From the early days of the American steel industry to modern shipments of medical devices and industrial goods, the Lehigh Valley has long been a key inland market for the Port of Philadelphia.
On May 19, the Lehigh Valley World Trade Club visited the PRPA to learn more about their seaport.
“Lehigh Valley companies have always exported, but today there is a greater awareness of the need to be active in the global marketplace,” noted Tim Charlesworth, President of the Lehigh Valley World Trade Club.
Charlesworth is also an international lawyer with the firm of Fitzpatrick Lentz & Bubba, PC, and he understands the importance of doing research before exporting. “We wanted our members to see how the port operates, and understand their options for shipping internationally,” he explained.
PRPA Marketing Representative Joe Fox participated in the “Day at the Port,” and he discussed the importance of the Lehigh Valley to the Port of Philadelphia: “Not only are the big manufacturing companies in the Bethlehem and Allentown areas exporting more through our Port, but large distribution centers are increasingly moving into the Lehigh Valley. For many of these warehouses, the Port of Philadelphia is a better port option for their imports as well.”
The “Day at the Port” began at PRPA headquarters, where the visitors received an overview from the Port Authority’s Dominic O’Brien, and then a presentation on the “Role of the Freight Forwarder,” from John Antonucci and Dave Collins of 721 Logistics.
“In today’s global marketplace companies need a freight forwarder who can grow with them, provide excellent customer service and keep them compliant throughout the export process,” said Antonucci, Vice President of the Philadelphia-based 721 Logistics.
Collins added, “Providing value to the shipper/exporter is critical when selecting a freight forwarder. Helping companies grow their business into emerging markets and building that trust is key to developing long standing relationships.”
Following a bus tour of the PRPA’s facilities, the group returned to PRPA HQ, where they heard from US Customs and Border Protection Officer Bryon Howe. Howe, who works with the Advance Targeting Unit, gave a “Customs 101” presentation that was of particular interest to the newer exporters in the room.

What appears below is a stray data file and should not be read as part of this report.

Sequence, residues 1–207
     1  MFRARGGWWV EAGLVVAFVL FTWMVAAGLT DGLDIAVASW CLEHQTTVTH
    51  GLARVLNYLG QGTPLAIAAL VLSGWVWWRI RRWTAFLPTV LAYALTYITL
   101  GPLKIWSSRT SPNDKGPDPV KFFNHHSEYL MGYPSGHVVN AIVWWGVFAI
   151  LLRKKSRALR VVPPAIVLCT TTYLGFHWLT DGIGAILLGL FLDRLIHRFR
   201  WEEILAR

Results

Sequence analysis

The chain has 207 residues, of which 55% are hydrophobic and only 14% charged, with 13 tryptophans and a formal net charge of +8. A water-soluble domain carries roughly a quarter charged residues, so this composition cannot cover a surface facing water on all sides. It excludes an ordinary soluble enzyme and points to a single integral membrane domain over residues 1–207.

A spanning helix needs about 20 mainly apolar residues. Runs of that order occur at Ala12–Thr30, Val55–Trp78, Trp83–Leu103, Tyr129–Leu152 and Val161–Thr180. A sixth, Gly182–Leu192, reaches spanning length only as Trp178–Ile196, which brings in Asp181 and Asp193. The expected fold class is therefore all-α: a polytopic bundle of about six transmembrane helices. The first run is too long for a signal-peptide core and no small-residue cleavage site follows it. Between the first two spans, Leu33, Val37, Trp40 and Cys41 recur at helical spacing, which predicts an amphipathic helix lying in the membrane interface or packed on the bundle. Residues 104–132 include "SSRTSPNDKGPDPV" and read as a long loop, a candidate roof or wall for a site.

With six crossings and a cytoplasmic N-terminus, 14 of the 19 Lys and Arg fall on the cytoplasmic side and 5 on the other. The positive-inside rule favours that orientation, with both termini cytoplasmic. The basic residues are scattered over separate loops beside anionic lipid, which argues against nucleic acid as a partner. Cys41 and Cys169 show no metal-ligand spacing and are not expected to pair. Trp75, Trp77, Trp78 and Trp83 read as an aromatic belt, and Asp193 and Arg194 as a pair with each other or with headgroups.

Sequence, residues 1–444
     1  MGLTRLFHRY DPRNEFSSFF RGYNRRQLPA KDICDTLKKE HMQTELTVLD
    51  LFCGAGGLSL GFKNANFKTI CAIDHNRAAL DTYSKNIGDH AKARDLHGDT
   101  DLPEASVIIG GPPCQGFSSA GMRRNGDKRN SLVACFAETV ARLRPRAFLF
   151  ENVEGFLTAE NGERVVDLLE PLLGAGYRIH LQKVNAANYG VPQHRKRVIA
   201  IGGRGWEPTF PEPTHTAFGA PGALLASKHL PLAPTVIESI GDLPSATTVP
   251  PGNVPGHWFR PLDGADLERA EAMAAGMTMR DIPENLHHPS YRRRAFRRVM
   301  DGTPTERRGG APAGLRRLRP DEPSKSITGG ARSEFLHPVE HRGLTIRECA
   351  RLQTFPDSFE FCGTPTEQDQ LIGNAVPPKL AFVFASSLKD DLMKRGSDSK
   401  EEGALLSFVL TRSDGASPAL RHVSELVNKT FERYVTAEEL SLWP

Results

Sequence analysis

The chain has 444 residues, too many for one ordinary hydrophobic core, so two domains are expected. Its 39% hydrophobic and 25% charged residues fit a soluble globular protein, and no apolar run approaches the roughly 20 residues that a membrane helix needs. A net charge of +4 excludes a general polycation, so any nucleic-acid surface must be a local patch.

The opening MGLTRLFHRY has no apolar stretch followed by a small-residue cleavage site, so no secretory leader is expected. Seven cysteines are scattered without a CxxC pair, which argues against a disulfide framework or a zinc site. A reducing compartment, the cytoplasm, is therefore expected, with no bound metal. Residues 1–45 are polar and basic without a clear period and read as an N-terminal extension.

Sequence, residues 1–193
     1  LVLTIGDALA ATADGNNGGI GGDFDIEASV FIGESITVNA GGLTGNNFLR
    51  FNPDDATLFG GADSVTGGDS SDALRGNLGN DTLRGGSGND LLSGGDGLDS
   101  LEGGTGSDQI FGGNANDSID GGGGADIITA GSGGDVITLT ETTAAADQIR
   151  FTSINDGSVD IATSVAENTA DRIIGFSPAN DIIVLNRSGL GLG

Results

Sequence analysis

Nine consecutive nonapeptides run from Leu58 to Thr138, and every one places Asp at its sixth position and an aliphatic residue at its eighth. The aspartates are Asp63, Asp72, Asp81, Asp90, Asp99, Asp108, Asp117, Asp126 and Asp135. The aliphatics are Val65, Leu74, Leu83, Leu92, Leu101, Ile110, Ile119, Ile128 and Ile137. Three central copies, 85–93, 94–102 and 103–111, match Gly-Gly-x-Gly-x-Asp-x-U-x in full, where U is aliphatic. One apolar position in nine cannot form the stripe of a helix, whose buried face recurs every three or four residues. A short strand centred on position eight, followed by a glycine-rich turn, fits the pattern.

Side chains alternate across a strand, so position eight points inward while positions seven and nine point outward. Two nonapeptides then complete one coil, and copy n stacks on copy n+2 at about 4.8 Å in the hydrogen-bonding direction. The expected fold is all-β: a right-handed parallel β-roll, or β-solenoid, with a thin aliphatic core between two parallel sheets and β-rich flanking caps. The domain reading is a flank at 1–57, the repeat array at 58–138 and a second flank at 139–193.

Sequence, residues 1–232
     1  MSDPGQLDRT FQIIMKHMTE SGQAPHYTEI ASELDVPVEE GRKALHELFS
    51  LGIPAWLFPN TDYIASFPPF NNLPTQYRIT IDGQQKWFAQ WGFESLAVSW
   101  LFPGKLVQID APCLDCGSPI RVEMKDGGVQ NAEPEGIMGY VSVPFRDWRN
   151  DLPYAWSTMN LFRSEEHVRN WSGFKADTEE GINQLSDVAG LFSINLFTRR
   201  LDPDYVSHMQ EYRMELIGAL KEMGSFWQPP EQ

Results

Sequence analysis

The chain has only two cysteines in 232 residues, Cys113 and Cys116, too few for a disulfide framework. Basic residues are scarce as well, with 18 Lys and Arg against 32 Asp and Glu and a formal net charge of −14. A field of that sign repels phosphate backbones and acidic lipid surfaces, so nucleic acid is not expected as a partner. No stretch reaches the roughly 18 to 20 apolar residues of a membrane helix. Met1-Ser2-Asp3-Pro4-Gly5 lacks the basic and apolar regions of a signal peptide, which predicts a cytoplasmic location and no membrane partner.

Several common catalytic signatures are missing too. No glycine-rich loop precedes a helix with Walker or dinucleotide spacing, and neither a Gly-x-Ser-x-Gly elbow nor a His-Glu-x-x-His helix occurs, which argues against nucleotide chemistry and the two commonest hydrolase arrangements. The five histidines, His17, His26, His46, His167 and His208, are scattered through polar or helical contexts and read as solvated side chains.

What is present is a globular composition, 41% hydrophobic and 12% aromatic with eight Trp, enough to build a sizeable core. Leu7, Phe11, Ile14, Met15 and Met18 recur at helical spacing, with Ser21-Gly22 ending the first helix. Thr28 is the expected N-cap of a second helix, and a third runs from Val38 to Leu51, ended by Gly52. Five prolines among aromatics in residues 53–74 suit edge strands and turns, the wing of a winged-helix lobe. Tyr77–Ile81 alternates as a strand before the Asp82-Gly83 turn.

Cora Landis, Program Director for the Lehigh University Small Business Development Center’s International Program, helped organize the visit. She wanted the Club’s members to get a wide view of the entities that work at the Port. She said, “to understand world trade, it really helps to understand seaports.”
Landis and the SBDC International Program help Lehigh Valley companies export in cooperation with the Commonwealth of Pennsylvania’s World Trade PA Program for Trade Promotion. “There are resources available to help companies go global, from market analysis to legal advice; from Pennsylvania overseas trade representatives to grants to attend trade shows overseas.”
Thanks to new and improved PRPA terminals and new steamship line services, the Authority is optimistic that more of the Lehigh Valley’s international trade can ship via the Port of Philadelphia.
Congestion and delays at competitor ports in the US Northeast and West coast give Port Philadelphia added confidence of future cargo increases.
The PRPA PRPA’s Joe Fox concluded, “We’ve shipped all kinds of cargos from the Lehigh Valley, from large industrial machinery to medical devices, food products, and art supplies. We’re certain we can handle their growing global trade through our terminals.”
For more information on US Customs and Border Protection, see http://www.cbp.gov/
The Lehigh University Small Business Development Center’s International Program Website is here: http://www.lehigh.edu/~initdp/initdp.html
The Philadelphia Regional Port Authority (PRPA) is an independent agency of the Commonwealth of Pennsylvania. Its primary mission is the enhancement of water-borne trade and commerce. Port activity generates thousands of direct and indirect jobs in the Philadelphia area and throughout Pennsylvania.